When the residents of Coalville woke up one morning last May, they found a naked lady in their midst. At least, that’s what some of them saw. Others saw a beautiful sculpture fashioned from steel and copper leaves by Utah metal artist Milt Neeley.
With the unveiling of Leaf Dancer, part of a city beautification project organized by the Summit County Public Art Advisory Board, tongues immediately began to wag. Was this nudity? Was this art? Was this right for children to see?
But soon after her initial appearance, the people of Coalville awoke to see Leaf Dancer altered. One day, she wore a coconut bra and grass skirt, causing residents to wonder whether this was vamping or vandalism. Not long afterward, it began to rain—a hard, long rain that went on for days and days. No problem for Leaf Dancer. She next appeared sporting a rain slicker.
In subsequent weeks, the sculpture was dressed as a nun, a mummy, and a cheerleader. One day she appeared with a chef’s hat, a butcher’s apron, and a pair of hot mitts. Another day, she held a sign that said, “Modesty is the best policy.”
“People call her LaFonda,” says Chantel Pace, the city recorder. “Short for Leaf-Fond-A. We all love her. No one knows who’s doing this; the costumes appear overnight.”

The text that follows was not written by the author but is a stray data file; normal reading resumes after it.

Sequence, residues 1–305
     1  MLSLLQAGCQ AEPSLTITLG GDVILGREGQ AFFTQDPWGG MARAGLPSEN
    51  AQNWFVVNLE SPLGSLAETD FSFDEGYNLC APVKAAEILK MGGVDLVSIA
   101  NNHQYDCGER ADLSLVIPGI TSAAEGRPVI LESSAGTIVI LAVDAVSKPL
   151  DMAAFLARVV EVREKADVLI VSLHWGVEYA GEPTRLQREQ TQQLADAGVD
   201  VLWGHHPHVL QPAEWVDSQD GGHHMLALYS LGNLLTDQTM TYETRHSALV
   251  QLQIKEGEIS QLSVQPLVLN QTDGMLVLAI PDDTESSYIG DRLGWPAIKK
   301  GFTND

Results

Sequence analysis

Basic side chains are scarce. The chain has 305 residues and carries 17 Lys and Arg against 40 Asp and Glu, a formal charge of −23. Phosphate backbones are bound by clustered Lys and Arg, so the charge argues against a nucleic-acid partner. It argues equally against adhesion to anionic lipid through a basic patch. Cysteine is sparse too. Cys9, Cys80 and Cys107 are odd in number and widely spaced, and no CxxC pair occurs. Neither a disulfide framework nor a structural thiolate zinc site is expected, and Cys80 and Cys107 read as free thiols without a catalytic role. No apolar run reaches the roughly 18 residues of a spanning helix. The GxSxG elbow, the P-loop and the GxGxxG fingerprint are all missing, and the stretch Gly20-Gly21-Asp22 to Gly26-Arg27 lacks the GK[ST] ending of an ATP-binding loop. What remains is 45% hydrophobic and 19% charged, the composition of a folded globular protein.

“I love it,” Neeley says. “It’s interactive.” Perhaps Neeley’s sculpture has joined the ranks of storied statues worldwide that are frequently refrocked, such as Manneken Pis in Brussels and the Cardiff Kook in Cardiff-by-the-Sea, California. These costumed statues attract visitors who bring their tourist dollars with them; maybe the town of Coalville will benefit in the same way.
Eventually, seven other delightful artworks accompanied Neeley’s in the city’s public art gallery. Summit County residents voted for their favorite, the one that would be purchased by the City of Coalville and become a permanent sight. Leaf Dancer won hands down, seemingly destined to become a never-ending source of quirky entertainment for locals and visitors alike.
To see all of the artworks created for the beautification project (they are all for sale), see summitartspace.org.